Lisa MintoAssistant Vice President - Personal Financial Planning
Pamela LewisVice President - Investment & Client Services
Toni-Ann NeitaAssistant Vice President - Personal Financial Planning
Charles RossPresident & CEO
Eugene StanleyVice President - Fixed Income & Foreign Exchange
Ian WatsonVice President - Sales & Marketing
Judith BloomfieldVice President - Operations
Marian RossAssistant Vice President- Trading & Investments
Marva ChangVice President - Finance & Compliance
Wayne WalkerVice President - Operations
What’s your preference?
Bonds and shares are the two main classes of assets investors use in their portfolios. Shares offer an ownership stake in a company, while bonds are akin to loans made to the issuer, which may be a government (sovereign bond), a company (corporate bond), and so on. In general, shares are considered riskier and more volatile than bonds. However, there are many different kinds of shares and bonds, with varying levels of volatility, risk and return.
This comparison offers a basic overview of plain vanilla bonds vs. preference shares so that you can make a more informed decision when incorporating them in your portfolio.
A share represents part ownership of a business. A company can raise money to finance its business by 'going public'. Going public means being listed on a stock exchange and issuing shares to investors. By paying for the shares, each investor buys part ownership of the company's business and becomes a shareholder. Preference shares have a fixed dividend that must be paid before any dividends can be paid to common or ordinary shareholders. Unlike common shares, preference shares generally do not carry voting rights.
A bond is a fixed income investment in which an investor lends money to an entity (typically corporate or governmental) who is borrowing the funds for a predetermined time and a predetermined rate. Bonds are used by companies, municipalities, states and governments to raise money to finance a variety of projects and activities. Owners of bonds are debtholders, or creditors, of the issuer.
Similarities and differences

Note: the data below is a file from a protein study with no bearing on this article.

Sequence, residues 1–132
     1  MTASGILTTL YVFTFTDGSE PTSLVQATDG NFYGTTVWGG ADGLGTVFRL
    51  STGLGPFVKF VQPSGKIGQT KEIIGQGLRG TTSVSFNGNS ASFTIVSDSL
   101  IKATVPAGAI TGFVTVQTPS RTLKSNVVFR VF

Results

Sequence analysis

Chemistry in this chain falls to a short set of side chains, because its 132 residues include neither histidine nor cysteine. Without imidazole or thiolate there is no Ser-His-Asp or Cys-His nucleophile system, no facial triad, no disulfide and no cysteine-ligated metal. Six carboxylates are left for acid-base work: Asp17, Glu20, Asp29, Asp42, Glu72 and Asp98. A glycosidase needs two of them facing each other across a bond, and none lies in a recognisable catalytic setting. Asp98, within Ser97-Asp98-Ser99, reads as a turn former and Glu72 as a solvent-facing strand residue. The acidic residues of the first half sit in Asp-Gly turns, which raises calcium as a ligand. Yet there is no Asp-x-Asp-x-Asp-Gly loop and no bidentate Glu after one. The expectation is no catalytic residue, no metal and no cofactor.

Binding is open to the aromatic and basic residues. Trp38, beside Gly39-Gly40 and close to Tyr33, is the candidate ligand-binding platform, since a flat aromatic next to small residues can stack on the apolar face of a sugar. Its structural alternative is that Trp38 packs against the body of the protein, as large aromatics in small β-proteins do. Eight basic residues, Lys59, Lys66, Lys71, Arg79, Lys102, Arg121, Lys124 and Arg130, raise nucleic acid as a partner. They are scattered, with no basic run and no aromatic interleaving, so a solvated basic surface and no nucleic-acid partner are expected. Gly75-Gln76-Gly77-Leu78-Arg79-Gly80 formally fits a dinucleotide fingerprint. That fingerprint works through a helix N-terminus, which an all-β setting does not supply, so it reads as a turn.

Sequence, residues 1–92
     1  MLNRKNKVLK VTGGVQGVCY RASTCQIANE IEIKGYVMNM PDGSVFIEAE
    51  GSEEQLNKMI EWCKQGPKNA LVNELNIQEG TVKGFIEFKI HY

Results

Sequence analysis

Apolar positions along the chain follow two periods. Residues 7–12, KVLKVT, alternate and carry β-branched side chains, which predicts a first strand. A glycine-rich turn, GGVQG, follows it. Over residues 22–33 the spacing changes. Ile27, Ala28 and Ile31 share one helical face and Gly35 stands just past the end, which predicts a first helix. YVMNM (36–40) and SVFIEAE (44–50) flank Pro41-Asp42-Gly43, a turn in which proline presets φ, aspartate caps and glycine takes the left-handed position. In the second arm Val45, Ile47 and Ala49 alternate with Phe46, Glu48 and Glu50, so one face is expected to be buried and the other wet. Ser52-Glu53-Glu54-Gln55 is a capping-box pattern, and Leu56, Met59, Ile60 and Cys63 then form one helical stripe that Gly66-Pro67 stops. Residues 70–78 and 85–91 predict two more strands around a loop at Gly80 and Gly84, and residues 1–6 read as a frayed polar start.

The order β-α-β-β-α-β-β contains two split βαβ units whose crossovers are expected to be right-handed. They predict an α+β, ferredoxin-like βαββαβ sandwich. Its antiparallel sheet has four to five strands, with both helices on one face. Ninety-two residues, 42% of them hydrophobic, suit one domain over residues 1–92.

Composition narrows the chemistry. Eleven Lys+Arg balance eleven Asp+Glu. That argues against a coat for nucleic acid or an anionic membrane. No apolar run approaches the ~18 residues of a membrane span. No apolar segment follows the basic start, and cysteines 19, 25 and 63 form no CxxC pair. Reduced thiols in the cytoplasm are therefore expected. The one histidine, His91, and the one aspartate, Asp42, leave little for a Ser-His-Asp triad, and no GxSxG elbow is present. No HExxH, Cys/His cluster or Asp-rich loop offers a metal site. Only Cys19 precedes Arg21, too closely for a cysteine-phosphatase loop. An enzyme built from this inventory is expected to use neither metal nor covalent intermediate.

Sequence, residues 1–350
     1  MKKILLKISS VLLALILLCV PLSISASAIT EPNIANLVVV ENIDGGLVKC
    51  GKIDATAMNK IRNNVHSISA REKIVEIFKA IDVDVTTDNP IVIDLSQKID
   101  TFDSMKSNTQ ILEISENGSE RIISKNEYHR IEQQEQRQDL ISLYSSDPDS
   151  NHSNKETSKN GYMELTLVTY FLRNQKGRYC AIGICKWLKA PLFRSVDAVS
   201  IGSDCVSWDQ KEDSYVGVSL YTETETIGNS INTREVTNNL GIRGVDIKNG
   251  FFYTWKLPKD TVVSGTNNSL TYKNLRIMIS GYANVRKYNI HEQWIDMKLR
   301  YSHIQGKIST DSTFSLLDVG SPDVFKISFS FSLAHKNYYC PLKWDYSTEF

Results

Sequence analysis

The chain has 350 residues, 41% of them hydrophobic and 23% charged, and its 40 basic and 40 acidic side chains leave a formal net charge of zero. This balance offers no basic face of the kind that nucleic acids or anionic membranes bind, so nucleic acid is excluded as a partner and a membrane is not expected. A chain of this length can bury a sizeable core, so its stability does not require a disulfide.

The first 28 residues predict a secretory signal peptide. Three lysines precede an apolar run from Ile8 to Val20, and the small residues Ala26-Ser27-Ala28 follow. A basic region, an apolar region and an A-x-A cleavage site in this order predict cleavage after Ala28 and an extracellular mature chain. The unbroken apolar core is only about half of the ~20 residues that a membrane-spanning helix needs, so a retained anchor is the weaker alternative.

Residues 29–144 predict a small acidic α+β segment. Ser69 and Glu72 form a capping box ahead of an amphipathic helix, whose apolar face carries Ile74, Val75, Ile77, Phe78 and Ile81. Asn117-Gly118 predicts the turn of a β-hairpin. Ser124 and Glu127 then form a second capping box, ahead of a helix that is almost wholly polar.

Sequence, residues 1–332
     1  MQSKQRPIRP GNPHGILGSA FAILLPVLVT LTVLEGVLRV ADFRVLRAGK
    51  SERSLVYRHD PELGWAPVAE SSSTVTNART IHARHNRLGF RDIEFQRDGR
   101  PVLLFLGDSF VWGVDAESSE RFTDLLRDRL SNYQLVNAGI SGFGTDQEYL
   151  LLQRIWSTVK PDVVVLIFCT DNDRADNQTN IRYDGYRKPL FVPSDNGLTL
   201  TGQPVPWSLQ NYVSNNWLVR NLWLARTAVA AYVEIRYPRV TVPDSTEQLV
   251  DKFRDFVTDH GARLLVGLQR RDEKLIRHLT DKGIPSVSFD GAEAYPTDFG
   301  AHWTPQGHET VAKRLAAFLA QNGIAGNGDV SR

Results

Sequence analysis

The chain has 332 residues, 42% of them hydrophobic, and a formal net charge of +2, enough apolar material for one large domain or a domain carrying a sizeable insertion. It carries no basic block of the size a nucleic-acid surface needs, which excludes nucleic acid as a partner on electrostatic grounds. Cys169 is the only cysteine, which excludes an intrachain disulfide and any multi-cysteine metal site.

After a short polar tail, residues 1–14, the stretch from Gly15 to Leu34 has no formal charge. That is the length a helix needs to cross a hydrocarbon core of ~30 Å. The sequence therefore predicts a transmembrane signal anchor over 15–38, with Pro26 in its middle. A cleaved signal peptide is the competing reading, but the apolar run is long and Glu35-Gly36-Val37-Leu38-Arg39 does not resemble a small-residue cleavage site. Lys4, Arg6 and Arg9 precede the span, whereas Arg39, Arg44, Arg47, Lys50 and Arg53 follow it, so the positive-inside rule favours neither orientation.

Holders of preference shares and bonds are both entitled to regular distribution payments. Bondholders are entitled to the receipt of regular interest rate payments, while holders of preference shares receive regular dividend payments.
However what a lot of people don’t realize is that unlike bond payments, which are mandatory, owning preference shares does not guarantee dividend payment. Preference shares can be cumulative or noncumulative. For cumulative shares, if a corporation fails to pay a dividend, that dividend amount is owed at some point in the future. The shares accumulate outstanding dividends to be paid when the company makes a profit. For noncumulative shares, a dividend is lost if it is not paid. So if you are investing in preference share please find out if they are cumulative!
People invest in shares with the objective of generating wealth either through potential share price growth, via income paid as dividends or a combination of both. If the company performs well, you can benefit from share price growth and/or income paid as dividends. Equally, if the company performs poorly, your shares could decrease in value and/or the company may pay no dividends.
It is important to understand that shares are often very long-term investments (10+ years), usually for retirement purposes. In any given year, the shares of a particular company can have steep highs and lows as its value is redefined again and again on the market. As a result, shares are generally considered to be riskier and more volatile than bonds however they are also believed to offer a generally higher return than bonds.
Bonds are also used for retirement savings, but shorter-termed bonds can just as easily be used throughout a lifetime for small, periodic returns. Many people invest in bonds for the income via interest payments, but often forget that bonds like shares can also benefit from price appreciation and can be sold for a profit to generate capital gains.
In the Jamaican market, investors may find it difficult to sell preference shares issued by a local company if they need back their cash. If you are concerned about the liquidity of your investment it would therefore be better to invest is a bond that trades on the international capital market, as there is a ready market for those bonds.
Sometimes companies fail and have to close down or reorganize. In the event of bankruptcy or liquidation, preference shareholders receive payment only after the company settles its debt. This means that bondholders have an advantage over shareholders when it comes to liquidation. Shareholders receive any money that is left over after debt repayment, which may not be any at all. This is one of the biggest reasons bond investments are generally safer than investments in shares. However it likely that neither bondholders nor shareholders will back all of their investment, which proves yet again the importance of making careful, well-researched investments.
Toni-Ann Elliott (formerly Neita) is the AVP, Personal Financial Planning at Sterling Asset Management. Sterling provides financial advice and instruments in U.S. dollars and other hard currencies to the corporate, individual and institutional investor. Visit our website at www.sterling.com.jm Feedback: If you wish to have Sterling address your investment questions in upcoming articles, e-mail us at: email@example.com
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